Poor image but the first postable one of this year! Had a lot of problems this night. First of all my laptop kept switching itself off despite being on mains power. When I did finally get it to stay on I had all sorts of problems with my programs not working properly. Gave up on PHD2 in the end so my M51 data is naff! Decided that as I was out there getting cold I might as well try imaging Saturn. It was still low in the sky, so a lot of atmospheric disturbance in the video, hence the poor quality - not even showing the Cassini Division clearly. Equipment: C8 XLT, CGEM mount, Revelation 2" R&P Superfocus crayford, Revelation Astro 2.5x barlow, QHY5L IIc Processing: PIPP, AS2, Astro Images 3.0SI, CS4

    © 2015 Bryan Harrison

  11. I need help i want to see Saturn clearly with my POWERSEEKER 127EQ TELESCOPE.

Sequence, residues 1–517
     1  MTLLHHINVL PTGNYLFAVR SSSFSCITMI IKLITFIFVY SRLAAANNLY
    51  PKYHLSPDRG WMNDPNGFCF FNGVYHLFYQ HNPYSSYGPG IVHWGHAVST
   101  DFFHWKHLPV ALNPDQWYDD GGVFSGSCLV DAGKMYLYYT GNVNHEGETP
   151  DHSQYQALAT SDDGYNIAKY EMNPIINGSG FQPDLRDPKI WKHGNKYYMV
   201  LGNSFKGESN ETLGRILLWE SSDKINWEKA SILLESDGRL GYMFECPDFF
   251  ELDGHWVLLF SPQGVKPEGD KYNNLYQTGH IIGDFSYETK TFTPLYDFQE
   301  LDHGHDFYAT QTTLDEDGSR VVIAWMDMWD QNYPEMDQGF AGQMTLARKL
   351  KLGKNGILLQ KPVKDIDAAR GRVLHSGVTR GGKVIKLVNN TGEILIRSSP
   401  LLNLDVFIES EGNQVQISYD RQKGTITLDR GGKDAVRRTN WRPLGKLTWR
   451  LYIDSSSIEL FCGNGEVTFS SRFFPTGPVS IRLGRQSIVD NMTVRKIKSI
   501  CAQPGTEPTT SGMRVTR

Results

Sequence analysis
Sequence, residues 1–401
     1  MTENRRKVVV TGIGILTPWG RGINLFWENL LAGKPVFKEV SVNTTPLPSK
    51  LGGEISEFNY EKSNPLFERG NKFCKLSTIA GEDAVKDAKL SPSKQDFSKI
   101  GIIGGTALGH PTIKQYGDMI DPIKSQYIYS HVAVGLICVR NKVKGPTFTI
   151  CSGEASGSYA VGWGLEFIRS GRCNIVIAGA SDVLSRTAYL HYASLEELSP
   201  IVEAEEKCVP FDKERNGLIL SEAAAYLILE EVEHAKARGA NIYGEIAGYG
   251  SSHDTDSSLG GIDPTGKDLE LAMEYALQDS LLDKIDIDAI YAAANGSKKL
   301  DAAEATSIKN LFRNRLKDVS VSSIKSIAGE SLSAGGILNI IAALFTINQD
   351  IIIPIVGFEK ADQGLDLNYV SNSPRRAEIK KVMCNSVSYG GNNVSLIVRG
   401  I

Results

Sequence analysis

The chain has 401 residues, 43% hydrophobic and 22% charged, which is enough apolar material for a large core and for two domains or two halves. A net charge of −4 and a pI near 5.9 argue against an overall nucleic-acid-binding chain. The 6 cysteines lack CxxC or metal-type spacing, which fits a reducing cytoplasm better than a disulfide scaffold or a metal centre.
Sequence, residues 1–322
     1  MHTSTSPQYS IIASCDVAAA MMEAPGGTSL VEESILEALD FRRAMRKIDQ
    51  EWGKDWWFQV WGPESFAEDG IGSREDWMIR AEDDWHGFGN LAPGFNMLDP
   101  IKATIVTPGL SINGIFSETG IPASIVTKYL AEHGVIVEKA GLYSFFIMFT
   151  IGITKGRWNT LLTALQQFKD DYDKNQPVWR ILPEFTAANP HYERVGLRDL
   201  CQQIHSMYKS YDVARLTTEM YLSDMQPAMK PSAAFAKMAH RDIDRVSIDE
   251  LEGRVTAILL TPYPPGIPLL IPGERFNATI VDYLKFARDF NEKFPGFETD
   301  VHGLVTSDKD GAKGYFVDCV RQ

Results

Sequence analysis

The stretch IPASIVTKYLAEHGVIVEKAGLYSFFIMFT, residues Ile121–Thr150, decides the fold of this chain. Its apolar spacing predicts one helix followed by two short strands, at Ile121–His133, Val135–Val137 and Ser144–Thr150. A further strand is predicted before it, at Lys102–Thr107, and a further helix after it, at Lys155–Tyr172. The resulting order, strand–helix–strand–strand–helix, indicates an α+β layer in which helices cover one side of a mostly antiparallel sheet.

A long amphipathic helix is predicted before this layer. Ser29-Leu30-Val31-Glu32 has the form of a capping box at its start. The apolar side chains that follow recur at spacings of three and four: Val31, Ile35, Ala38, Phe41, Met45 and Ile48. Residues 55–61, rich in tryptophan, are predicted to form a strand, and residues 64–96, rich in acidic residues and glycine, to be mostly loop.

12. Hello all,as a totak noobie and not just green behind thr ears but all over ?. Ive had my first scope for 7 days now a 2nd hand skywatcher 200p dob, i only have the 2 eye pieces that came with it. I decided to go out in the communal garden again tonight asbthe sky looked good,i got out at 8.30 to give the scope time to cool down and get muself comfy. It was a lovely fairly clear night.And for the first time i managed to get Saturn in my finder scope after finally sorting out its alignment on friday, i started off with tue 25mm eyepiece saturn was tiny but i could cleary make out the rings i was gob smacked so happy and excited i quickly fumbled for the 10mm eye piece and slipped that in a slight adjustment of the scope and saturn was slightly larger and the rings alot more visible wow wow wow i am still on cloud nine it was amazing,i looked at it and followed it for what felt like half an hour.my wife bought me a cup of tea and she had a look to and a couple of my neighbours were very impressed. I then waited for mars to move round and quickly focused on it and i started with the 25mm and then moved on to the 10mm. Before tonight i wasnt very impressed with the 10mm but it did a good job tonight. Im still buzzing and im off to bed now. Just thought i would share with all you wonderful people. Many thanks and best wishes From me Dave ?